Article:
CNN– David Byrne is fascinated by sounds, not words.
The former Talking Heads front man, who has spent decades writing and performing eclectic-sounding music, takes a realistic approach to song lyrics.
“People ignore them half the time,” he said.
It’s the unique sounds he hopes listeners will remember.
“In a certain way, it’s the sound of the words, the inflection and the way the song is sung and the way it fits the melody and the way the syllables are on the tongue that has as much of the meaning as the actual, literal words,” he said.
Byrne’s latest collection of sounds, an album called “Here Lies Love” that is a collaboration with Fatboy Slim, debuts Tuesday. Byrne met up with CNN at the recent TED Conference in Long Beach, California, a gathering of the world’s big thinkers sponsored by TED, a nonprofit group dedicated to “ideas worth spreading.”
Since Talking Heads called it quits in the early 1990s, Byrne has worked on numerous solo and collaborative music projects, as well as art installations, subway posters and a book, “Bicycle Diaries,” which is about biking through the world’s major cities.
In the CNN interview, a fidgety Byrne said he’s optimistic about the future of music, despite the fact that the Internet has shaken up the recording industry.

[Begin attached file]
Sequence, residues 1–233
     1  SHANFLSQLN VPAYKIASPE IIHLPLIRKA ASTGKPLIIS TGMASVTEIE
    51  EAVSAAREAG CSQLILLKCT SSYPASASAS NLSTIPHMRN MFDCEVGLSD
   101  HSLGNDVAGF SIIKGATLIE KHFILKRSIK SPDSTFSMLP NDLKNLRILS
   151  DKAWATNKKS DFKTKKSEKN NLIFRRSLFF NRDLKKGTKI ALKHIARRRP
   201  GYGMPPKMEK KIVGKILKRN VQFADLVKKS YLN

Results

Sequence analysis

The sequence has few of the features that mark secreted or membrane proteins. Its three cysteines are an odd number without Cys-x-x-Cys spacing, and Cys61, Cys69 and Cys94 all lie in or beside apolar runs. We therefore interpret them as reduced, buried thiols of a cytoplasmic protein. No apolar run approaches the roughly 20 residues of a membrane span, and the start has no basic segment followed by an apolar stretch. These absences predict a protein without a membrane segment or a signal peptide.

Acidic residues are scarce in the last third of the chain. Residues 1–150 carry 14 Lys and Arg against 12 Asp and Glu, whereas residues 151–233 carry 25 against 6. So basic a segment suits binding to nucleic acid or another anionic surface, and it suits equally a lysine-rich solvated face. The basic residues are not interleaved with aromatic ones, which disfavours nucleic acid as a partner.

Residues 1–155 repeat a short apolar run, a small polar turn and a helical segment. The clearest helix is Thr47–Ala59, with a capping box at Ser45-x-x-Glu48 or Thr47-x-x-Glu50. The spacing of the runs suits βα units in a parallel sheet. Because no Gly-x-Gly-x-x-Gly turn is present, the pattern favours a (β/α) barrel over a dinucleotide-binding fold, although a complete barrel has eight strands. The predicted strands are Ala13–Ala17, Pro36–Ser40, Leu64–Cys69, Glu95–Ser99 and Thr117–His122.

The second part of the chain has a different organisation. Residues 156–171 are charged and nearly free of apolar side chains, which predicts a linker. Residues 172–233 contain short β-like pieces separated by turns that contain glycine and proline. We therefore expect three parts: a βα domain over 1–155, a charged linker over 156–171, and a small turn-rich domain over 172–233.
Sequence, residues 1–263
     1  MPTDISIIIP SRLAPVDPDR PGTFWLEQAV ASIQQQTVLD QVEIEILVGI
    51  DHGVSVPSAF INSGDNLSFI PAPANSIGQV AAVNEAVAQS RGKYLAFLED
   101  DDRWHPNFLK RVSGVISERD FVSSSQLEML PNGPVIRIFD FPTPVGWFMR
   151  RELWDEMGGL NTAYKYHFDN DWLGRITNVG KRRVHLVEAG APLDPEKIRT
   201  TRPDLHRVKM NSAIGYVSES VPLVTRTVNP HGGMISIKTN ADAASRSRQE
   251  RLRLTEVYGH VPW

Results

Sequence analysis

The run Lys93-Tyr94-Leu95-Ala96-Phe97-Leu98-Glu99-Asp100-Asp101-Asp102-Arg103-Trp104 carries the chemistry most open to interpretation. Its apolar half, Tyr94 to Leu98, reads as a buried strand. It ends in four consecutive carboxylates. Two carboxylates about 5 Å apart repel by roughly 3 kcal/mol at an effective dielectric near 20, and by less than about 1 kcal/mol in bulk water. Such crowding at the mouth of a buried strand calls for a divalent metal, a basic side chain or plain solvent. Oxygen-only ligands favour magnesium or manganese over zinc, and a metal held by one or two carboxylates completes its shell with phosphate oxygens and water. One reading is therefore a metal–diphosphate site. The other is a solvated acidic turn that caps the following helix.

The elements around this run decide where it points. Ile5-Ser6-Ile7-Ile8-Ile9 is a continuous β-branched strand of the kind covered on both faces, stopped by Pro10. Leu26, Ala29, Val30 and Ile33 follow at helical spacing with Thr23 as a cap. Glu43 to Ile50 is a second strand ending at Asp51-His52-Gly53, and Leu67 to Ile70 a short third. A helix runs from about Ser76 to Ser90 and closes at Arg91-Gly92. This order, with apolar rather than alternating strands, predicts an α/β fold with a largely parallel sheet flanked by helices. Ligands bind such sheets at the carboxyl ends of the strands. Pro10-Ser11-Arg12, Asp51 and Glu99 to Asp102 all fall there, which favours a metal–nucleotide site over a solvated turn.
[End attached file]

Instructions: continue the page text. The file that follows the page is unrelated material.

“Music is as healthy as it’s ever been, maybe even more so,” he said.
Byrne said he never intended to become a professional musician; he just wanted to play music for the joy and fun of it.
As a kid, he was inspired by a version of Bob Dylan’s “Mr. Tambourine Man” played by the Byrds that he heard on the radio.
“The sound of it — it was the sound that struck me,” he said. “I’d never heard anything like that before in my life. … Somehow, it was shocking to me.”
These days, he’s more likely to turn to the Internet for new music recommendations, which he says are much easier to come by than in the past.
“I don’t listen to the radio very much,” he said, “but that could be because I don’t have a car.”
I have been saying this for years, but didn’t know someone as well-known, and as good at music, as David Byrne thought the same. Sung words are part of the sound of a piece of music to me. The actual meaning of the words, their import, almost not important at all.
Here’s a wonderful vocal piece, sung by Geoffrey Oryema, in his native Ugandan language, Acholi. I don’t have any idea what he’s saying, but it’s lovely:
I can’t resist. More Oryema, more Acholi. Market Day:
He also sounds good in English. Nomad: